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7 Ways to Stay Safe as a Mobile Notary


Mobile notaries often travel alone to meet complete strangers in unknown places. While this may be a necessary part of your job, staying safe while doing so is essential. You never want to be in a situation where you fear for your safety because you encounter hostile conditions. It’s important to have a plan in place to mitigate the situation.

Fortunately, there are several steps you can take to keep yourself safe as a mobile notary.

 

1. Meet in Public, Whenever Possible

If you are able to meet with the signers in a public place, this is the best option. With others around, there is always less chance of encountering issues. Also, if they do choose to do something unsavory, then there is an audience to witness and step in if needed.

 

2. Make Sure Someone Always Knows Where You Are

It is important to always make sure that someone you trust knows where you are going. Call or text them with the address, update your calendar with all of the specifics for the meeting, and let them know when you complete the signing.

If you want to go the extra mile, set up a certain time for this person to “check-in”. You can have a code word if something is wrong, and the phone call can serve as a legitimate reason to excuse yourself from a situation. You can also set-up “panic buttons” on your phone or a separate device that can contact 911 and provide a GPS location when activated.

 

3. Keep Your Phone Charged

It may seem like an obvious step, but all too often I’ve been caught with an “almost-dead” phone. Although my phone comes with a fast-charging charger, I’ve also purchased a car charger to ensure that I’m never caught without a way to contact someone. Another great way to make sure your phone stays charged is by investing in a phone charging case. I’ve tried both the Mophie and iPhone brands and have been thrilled with the quality of both.

As a mobile notary, you may not only meet unsavory customers, but also unsavory weather or road conditions. Having your phone charged, and any safety numbers handy (such as your insurance, tow truck, etc.) is key to staying safe.

 

4. Keep Your Private Life Private

Try to avoid mentioning details regarding your personal life. This includes information about your family, friends, and social media. Especially avoid information about where you’ll be traveling to after the signing is finished. Not only do they not need to know, but it puts you in danger of being followed and finding yourself in a potentially vulnerable situation. You can still remain very friendly and personable without mentioning personal details.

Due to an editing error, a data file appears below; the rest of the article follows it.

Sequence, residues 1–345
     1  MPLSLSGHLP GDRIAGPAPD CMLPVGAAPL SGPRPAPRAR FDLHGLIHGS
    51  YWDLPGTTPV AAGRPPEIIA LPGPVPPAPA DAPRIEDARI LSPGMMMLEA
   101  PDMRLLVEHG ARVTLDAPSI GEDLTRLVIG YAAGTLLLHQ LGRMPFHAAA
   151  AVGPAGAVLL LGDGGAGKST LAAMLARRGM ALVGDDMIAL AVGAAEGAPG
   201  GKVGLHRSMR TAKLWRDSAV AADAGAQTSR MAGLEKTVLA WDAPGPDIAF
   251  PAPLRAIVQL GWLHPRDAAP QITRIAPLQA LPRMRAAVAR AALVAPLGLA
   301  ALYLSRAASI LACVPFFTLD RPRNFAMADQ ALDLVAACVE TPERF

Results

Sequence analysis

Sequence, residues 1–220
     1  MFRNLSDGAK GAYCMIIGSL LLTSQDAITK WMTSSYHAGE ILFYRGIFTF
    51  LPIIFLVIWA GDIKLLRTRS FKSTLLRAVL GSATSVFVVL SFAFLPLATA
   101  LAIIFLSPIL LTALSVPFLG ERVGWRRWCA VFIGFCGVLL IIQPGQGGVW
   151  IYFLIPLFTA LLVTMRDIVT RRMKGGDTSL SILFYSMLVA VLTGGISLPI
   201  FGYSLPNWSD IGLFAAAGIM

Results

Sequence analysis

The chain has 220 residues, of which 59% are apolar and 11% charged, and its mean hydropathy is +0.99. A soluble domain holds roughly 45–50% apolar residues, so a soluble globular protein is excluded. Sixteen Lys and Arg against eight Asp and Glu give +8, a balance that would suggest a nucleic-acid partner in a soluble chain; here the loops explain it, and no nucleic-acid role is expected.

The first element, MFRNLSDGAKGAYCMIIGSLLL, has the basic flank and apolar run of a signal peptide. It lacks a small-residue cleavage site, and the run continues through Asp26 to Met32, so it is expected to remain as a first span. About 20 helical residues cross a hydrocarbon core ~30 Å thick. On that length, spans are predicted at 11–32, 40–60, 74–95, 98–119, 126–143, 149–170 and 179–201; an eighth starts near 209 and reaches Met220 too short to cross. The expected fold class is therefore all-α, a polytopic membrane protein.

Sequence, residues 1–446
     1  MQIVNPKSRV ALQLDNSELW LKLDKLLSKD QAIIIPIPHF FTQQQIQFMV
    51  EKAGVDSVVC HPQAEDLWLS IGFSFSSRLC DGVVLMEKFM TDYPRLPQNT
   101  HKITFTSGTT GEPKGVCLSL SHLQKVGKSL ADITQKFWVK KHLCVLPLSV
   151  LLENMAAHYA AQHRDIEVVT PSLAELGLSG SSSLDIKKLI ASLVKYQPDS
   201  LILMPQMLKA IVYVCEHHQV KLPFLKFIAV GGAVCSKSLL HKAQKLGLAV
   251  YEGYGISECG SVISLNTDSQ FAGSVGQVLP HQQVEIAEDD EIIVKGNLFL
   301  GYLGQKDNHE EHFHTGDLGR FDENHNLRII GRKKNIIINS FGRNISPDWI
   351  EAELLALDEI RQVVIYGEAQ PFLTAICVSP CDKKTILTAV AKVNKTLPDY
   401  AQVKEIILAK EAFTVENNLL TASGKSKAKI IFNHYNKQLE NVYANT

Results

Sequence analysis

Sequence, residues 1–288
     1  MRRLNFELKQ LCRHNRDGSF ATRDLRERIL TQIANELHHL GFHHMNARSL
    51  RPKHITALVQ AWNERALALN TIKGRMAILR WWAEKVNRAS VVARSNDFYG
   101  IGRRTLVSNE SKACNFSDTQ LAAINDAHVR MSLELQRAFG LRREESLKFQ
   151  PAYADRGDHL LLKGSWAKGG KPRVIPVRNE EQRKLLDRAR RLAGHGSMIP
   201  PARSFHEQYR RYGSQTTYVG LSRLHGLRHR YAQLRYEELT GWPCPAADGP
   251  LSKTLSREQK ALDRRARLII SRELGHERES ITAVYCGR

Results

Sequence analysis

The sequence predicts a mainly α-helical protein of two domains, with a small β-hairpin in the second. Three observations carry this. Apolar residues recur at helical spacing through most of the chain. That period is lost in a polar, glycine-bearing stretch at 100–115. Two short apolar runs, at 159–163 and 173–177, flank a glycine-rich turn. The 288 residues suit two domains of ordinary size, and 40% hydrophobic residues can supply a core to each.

5. Protect Yourself

Never worry about offending someone. If you feel uncomfortable or unsafe, voice your concern and remove yourself from the situation. If a client ever starts to get upset, leave. Excuse yourself kindly, say, “I need to make a private phone call,” and then gather your things and leave.

If you are meeting at their home and feel unsafe as you approach the house, call the signer and have them meet you outside. Do whatever you need to do to feel safe. It is always better to be safe now, than sorry later.

 

6. Pack Your Car with Safety Equipment

Make sure your car is serviced regularly and in excellent working order. It’s also a good idea to make sure you have plenty of gas for a full day’s work. The last thing you want is to encounter car issues in the event you need to leave quickly.

Furthermore, consider packing emergency supplies in your car, such as a first aid kit, jump cables and tire repair kits for common car issues, and whatever else that would come in handy in ensure your safety. Also, keep roadside service phone numbers handy. This may be a service offered through your insurance provider such as AAA, Allstate, Nationwide, or StateFarm, but it’s important that you know who you can call in an emergency, and how you can get a hold of them.

 

7. Consider Not Accepting Night Time Jobs

If going out at night makes you feel uncomfortable, then consider not accepting any night time jobs. Darkness itself makes traveling to signings more dangerous, and it can also mean less light and visibility at the signing location. You should especially consider this if you have had evening jobs in the past that have made you feel uncomfortable. Ultimately, your safety is more important than the payment you’d receive from an assignment. Keep that in mind as you accept your notary jobs.

Although being a mobile notary can add additional opportunities and income streams to your business, it doesn’t come without risks. What else do you do to keep yourself safe? We’d love to hear in the comments below. Furthermore, if you have ever experienced a scary situation while on a mobile notary assignment and would like to share it, please reach out to us (ashley@nationalparalegalnotary.com). We’d love to share your story, and the lessons you’ve learned with our community of notaries.

NPN Staff Writer – July 4, 2018

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